Sanguinaire E wrote:This exchange above seems to reflect a common misconception. Namely, many people think that the only adventure film protagonists who take lives include R-rated films starring reactionary Republicans. However, most film protagonists that I can think of take the lives of their opponents, or the main opponent otherwise dies at the end of the film, even in PG or PG-13 films. This does not automatically get one an R-rating. Nor, despite what some people think, does it make you a Republican, even though many people associate this with Republican reactionaries (who mostly have not had their films in theaters in the last ten years).
Omega Man wrote:
Least liked: SUPERMAN RETURNS. (Actual quote from the oldest nephew: "His costume is stupid.")
They were right; Singer's redesigned costume with the three-dimensional "S" and blue-burgundy tones was stupid. As to how the real Superman should appear, look no further than the Reeve films...which, when you sit back and consider, did add a great deal of depth to the character and were lauded by critics for that fact. The first two anyway. If one wants to make superheroes palatable to adults, that's the way to do it, by adding those extra layers of emotional resonance whilst simultaneously remembering one's young audience and the wholesome traditions built up over not just years but decades. That's great. Just leave the nihilism, psychopathy and navel-gazing at the door. Seeing Michael Keaton kill people right and left in BATMAN, which I hated even as a 9-year old, is a fine example of how far astray things have gotten. Who in their right mind would look to something like that for a role model?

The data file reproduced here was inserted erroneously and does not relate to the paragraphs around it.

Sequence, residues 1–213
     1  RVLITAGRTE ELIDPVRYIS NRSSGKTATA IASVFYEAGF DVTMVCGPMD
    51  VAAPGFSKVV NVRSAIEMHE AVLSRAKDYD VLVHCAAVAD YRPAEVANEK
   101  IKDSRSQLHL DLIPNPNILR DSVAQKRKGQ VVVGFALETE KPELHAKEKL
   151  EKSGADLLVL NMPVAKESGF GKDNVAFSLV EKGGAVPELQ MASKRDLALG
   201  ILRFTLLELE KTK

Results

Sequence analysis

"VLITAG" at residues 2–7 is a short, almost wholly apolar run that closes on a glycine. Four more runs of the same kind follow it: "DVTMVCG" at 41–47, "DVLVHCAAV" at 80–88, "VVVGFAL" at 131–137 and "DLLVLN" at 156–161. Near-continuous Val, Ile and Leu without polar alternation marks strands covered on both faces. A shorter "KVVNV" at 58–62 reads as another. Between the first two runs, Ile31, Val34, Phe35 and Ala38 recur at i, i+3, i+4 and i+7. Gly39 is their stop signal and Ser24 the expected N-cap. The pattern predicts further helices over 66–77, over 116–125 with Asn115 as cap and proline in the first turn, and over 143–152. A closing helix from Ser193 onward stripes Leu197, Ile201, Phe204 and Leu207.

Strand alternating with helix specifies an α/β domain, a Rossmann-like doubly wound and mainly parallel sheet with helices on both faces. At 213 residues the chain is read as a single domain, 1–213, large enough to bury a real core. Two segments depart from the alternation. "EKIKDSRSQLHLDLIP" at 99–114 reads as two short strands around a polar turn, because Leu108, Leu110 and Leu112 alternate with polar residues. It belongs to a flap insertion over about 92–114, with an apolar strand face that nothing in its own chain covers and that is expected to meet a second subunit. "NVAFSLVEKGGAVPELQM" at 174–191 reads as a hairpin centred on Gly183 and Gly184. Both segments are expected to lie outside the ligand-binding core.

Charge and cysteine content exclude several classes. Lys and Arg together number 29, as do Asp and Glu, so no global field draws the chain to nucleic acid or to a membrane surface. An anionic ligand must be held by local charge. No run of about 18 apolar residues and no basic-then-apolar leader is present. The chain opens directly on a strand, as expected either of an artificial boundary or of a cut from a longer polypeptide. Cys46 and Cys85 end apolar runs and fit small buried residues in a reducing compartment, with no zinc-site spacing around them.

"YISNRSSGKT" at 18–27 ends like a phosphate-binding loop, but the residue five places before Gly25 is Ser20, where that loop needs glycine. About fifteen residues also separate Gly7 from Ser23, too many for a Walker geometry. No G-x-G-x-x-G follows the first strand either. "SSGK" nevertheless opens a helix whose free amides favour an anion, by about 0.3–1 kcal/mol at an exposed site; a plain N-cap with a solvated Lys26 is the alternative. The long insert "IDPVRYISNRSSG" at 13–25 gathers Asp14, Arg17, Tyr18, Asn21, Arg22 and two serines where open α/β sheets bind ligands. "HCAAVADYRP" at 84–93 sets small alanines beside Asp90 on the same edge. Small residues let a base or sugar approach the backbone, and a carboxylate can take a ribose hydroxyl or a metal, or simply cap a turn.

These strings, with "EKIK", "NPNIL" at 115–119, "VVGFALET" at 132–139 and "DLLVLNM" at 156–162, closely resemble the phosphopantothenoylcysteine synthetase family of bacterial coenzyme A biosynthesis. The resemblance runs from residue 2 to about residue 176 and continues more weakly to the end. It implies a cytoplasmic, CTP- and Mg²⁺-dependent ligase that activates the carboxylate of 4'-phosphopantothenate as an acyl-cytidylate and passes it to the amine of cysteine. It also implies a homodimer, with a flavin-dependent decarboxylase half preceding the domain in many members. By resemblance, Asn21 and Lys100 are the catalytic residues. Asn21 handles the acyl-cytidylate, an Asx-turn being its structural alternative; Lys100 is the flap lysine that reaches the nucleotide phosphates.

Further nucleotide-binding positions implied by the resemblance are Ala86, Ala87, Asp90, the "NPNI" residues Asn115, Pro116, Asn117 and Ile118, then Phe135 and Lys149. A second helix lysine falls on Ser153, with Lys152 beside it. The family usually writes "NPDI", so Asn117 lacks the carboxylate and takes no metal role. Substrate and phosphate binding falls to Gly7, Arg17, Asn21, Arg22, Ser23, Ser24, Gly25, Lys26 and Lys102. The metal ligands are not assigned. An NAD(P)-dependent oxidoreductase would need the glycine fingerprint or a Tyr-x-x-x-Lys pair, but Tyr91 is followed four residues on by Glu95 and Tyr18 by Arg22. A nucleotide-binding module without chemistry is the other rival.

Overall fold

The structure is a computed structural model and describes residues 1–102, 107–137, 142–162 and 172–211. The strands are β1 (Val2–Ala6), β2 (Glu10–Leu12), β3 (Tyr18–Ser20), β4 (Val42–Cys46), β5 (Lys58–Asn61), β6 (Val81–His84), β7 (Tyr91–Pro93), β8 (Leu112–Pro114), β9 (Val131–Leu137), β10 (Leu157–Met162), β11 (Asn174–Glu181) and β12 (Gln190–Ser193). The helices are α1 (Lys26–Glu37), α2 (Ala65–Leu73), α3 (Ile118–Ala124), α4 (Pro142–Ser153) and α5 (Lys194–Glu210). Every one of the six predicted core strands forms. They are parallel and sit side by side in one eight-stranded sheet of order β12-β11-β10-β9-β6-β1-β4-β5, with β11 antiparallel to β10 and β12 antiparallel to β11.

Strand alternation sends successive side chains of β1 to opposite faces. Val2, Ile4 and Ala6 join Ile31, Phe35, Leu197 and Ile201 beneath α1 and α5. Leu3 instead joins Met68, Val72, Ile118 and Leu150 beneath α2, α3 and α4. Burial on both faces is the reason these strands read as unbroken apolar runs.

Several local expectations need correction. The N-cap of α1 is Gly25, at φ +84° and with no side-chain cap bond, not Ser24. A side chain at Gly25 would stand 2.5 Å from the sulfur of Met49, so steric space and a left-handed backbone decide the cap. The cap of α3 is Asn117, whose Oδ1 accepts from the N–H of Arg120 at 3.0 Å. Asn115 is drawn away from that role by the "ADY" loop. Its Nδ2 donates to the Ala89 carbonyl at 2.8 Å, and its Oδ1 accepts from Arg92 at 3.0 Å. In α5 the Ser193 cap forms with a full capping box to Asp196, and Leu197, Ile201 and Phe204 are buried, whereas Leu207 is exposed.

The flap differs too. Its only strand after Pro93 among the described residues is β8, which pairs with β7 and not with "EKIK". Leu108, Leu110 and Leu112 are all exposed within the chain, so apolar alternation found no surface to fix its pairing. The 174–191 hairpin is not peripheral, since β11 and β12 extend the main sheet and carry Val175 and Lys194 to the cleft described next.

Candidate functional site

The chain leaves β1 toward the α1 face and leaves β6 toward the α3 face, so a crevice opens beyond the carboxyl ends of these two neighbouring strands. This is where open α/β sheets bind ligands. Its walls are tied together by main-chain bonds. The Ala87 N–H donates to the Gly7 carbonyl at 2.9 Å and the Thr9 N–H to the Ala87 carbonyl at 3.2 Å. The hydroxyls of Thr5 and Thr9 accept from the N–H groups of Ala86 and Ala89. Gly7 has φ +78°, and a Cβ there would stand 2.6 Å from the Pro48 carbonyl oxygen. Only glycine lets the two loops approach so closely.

Examples: Indiana Jones (remember he cut the rope bridge), Luke Skywalker (blowing up the Deathstar), etc.
Thus, in most adventure films, the main opponent dies. However, I can think of a few counterexamples where in a film the main opponent did not die.
Doc Savage (in fact, in prose, after his first few adventures, Doc Savage may have started the technical pacifist trend); brainwashes his main enemy into reforming
The Saint (1997), even though the prose version had no such qualms about taking a life, in this film, both main opponents live to stand trial
The Harry Potter films?
Masters of the Universe: We find out that Skeletor did not die in a post-credits scene (whether or not he counts as undead serves as another matter-this happens when you make a distaff Thulsa Doom)
Obviously, films based on comic strips and comic books generally (or at least one would expect them to) have protagonists who would generally refrain from taking lives, so Luthor has survived all live action Superman films he has appeared in since the 1970's. Similarly, Magneto has survived all live action X-Men films (did Mystique?) in which he appears.
Note that I do not count the original Star Wars trilogy as fitting in this deliberation, even though both a reformed Vader and the Emperor do not perish till the end of the last film, since those films serve as more of an integrated arc as opposed to just another pearl on a string, as some would say. Nor does the first TMNT live action film count, even though we retroactively find out in the next film that the Shredder did not in fact die.